pounds. Even though the weight lifted may be very little, a job is in this
category when it requires a good deal of walking or standing, or when
The ALJ determined that Mr. Burroughs “has no past relevant work[.]” (Tr. 22
¶ 5). Against this backdrop and relying upon the Medical-Vocational Guidelines
(“MVG”) without the benefit of any testimony from a vocational expert, the ALJ
concluded that Mr. Burroughs’s impairments did not prevent him from performing
“jobs that exist in significant numbers in the national economy . . . .” (Id. ¶ 9). The
ALJ made this determination despite recognizing that Mr. Burroughs was unable to
perform the full range of light work on the basis that “the additional limitations have
little or no effect on the occupational base of unskilled light work.” (Tr. 23).
Because the ALJ ultimately relied directly on an application of the MVG
(versus indirectly, as a frame of reference) in reaching his disability determination,
he did not identify any specific unskilled light positions suitable for Mr. Burroughs.
Accordingly, the ALJ concluded that Mr. Burroughs was not disabled as defined by
the Act, and denied his SSI claim. (Tr. 23; id. ¶ 10).
it involves sitting most of the time with some pushing and pulling of arm
or leg controls. To be considered capable of performing a full or wide
range of light work, you must have the ability to do substantially all of
these activities. If someone can do light work, we determine that he or
she can also do sedentary work, unless there are additional limiting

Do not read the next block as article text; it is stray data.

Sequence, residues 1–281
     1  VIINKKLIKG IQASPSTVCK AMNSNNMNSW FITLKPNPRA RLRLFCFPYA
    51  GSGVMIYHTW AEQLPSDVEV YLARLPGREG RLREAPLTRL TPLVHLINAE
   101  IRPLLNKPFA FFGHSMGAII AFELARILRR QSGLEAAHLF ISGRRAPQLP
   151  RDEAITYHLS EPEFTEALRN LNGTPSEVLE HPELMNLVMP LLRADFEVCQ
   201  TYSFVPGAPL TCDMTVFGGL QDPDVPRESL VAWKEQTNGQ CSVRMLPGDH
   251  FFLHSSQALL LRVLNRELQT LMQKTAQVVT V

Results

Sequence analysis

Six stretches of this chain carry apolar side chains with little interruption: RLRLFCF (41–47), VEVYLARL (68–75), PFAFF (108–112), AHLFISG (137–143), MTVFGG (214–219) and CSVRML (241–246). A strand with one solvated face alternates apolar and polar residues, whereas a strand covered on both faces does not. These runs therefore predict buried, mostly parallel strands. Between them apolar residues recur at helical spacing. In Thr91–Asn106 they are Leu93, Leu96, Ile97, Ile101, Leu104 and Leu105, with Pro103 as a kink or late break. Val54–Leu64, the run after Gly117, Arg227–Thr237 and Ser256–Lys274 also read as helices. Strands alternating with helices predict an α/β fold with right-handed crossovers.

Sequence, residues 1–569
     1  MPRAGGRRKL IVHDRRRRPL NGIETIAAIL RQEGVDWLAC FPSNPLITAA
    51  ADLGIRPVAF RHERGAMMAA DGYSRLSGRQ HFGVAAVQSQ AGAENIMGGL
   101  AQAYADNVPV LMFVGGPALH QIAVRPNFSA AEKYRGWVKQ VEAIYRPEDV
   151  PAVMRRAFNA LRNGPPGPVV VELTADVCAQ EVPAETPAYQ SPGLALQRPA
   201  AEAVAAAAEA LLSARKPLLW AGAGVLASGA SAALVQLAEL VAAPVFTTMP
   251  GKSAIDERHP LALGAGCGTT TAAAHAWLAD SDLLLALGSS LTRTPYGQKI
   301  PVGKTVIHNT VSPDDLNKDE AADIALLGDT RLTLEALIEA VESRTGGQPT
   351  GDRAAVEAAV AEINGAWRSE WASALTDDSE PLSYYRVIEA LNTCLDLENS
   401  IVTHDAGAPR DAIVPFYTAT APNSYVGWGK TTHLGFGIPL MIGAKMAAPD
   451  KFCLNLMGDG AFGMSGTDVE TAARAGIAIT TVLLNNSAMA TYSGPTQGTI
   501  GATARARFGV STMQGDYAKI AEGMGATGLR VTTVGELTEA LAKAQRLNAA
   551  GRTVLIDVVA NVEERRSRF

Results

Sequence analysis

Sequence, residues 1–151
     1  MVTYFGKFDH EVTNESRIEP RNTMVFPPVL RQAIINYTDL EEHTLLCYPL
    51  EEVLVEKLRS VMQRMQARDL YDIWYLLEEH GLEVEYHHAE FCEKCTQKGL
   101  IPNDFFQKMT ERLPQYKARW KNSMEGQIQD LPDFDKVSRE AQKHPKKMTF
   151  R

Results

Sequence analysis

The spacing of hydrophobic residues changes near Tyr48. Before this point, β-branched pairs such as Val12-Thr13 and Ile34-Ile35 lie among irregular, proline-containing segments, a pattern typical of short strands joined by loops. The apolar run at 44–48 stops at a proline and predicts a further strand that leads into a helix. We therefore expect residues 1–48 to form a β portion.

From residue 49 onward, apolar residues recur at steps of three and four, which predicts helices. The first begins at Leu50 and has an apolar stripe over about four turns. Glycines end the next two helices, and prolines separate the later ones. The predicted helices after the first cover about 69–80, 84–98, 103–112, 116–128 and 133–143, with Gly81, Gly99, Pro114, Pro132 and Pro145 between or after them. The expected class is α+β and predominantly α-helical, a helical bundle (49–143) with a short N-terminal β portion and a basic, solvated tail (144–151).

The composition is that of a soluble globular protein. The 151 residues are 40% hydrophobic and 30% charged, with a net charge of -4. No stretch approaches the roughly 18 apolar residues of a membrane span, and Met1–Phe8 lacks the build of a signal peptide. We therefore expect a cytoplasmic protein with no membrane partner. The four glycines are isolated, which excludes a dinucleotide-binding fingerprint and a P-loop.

factors such as loss of fine dexterity or inability to sit for long periods
20 C.F.R. § 404.1567(b) (current through June 7, 2012).
In this appeal, Mr. Burroughs generally challenges whether substantial
evidence supports the Commissioner’s denial of his disability application and raises
several separate issues, including whether the ALJ erred (i) in the determination of
Mr. Burroughs’s RFC and (ii) in his use of the MVG when deciding the fifth
disability step without the benefit of a vocational expert. (Doc. 7 at 1, 12). The court
turns to the lack of any underlying medical opinion by a physician in support of the
ALJ’s RFC determination that Mr. Burroughs is capable of performing light work
with additional restrictions given his severe physical impairments of disorders of the
spine, glaucoma, and the additional condition of left knee degenerative joint disease,
which the ALJ identified but never separately expressly determined whether it was
severe or non-severe (Tr. 16) as he did with other identified ailments,6 and agrees
with Mr. Burroughs that, under the circumstances of his case, the Commissioner has
committed reversible error. Alternatively, the court concludes that the ALJ erred in
his exclusive reliance upon the MVG without the benefit of any testimony from a
When finding other physical conditions to be non-severe, the ALJ pointed out
the lack of any complaints made by Mr. Burroughs regarding them. With respect to
Mr. Burroughs’s knee disorder, however, the ALJ made no similar observation and
instead indicated in a different section of his decision that Mr. Burroughs had
complained that “his conditions affected his ability to squat, bend, sit, kneel, climb